Stroke is a major health problem in the UK. Each year, approximately 110,000 people in England, 11,000 people in Wales and 4,000 people in Northern Ireland have a first or recurrent stroke. Most people survive a first stroke but often have significant morbidity. More than 900,000 people in England are living with the effects of stroke.
Stroke mortality rates in the UK have been falling steadily since the late 1960s. The development of stroke units following the publication of the Stroke Unit Trialists' Collaboration meta-analysis of stroke unit care, and the further reorganisation of services following the advent of thrombolysis, have resulted in further significant improvements in mortality and morbidity from stroke (as documented in the National sentinel stroke audit). However, the burden of stroke may increase in the future as a consequence of the ageing population.
Despite improvements in mortality and morbidity, people with stroke need access to effective rehabilitation services. Stroke rehabilitation is a multidimensional process, which is designed to facilitate restoration of, or adaptation to the loss of, physiological or psychological function when reversal of the underlying pathological process is incomplete. Rehabilitation aims to enhance functional activities and participation in society and thus improve quality of life.
Key aspects of rehabilitation care include multidisciplinary assessment, identification of functional difficulties and their measurement, treatment planning through goal setting, delivery of interventions which may either effect change or support the person in managing persisting change, and evaluation of effectiveness.
Clear standards exist for stroke rehabilitation, for instance as described by the 'National clinical guideline for stroke' and reflected in the NICE quality standard and the 'National stroke strategy'. Overall there is little doubt that the rehabilitation approach described by the standards is effective; what individual interventions should take place within this structure is less clear.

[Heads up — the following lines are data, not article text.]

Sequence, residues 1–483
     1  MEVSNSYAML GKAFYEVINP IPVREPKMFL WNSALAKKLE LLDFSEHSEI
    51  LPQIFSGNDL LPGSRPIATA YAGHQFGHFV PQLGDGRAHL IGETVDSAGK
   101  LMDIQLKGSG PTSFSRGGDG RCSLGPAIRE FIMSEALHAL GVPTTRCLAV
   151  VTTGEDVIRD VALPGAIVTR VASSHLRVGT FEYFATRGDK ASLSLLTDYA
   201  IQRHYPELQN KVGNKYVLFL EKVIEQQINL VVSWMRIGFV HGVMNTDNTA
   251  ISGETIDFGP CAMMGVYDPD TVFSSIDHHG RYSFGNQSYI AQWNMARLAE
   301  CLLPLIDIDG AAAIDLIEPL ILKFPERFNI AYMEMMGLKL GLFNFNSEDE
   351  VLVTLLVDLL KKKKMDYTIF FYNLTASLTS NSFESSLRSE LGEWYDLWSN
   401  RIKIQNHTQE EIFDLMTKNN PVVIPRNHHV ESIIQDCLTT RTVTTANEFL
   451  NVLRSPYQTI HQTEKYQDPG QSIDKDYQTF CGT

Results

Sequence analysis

The aim of this Guideline Development Group was to review the structure, processes and interventions currently used in rehabilitation care, and to evaluate whether they improve outcomes for people with stroke. A modified Delphi survey was conducted (see the full guideline for more information) to obtain formal consensus around areas such as service delivery and care planning. This guideline reviews some of the available interventions that can be used in stroke rehabilitation.
 Stroke Unit Trialists' Collaboration (1997) Collaborative systematic review of the randomised trials of organised inpatient (stroke unit) care after stroke. British Medical Journal (Clinical Research Ed) 314:1151–9
 Intercollegiate Stroke Working Party (2011) National sentinel stroke clinical audit 2010 (round 7): public report for England, Wales and Northern Ireland. London: Royal College of Physicians.
 Intercollegiate Stroke Working Party (2008) National clinical guideline for stroke: third edition. London: Royal College of Physicians.
 Department of Health (2007) National stroke strategy. London: Department of Health.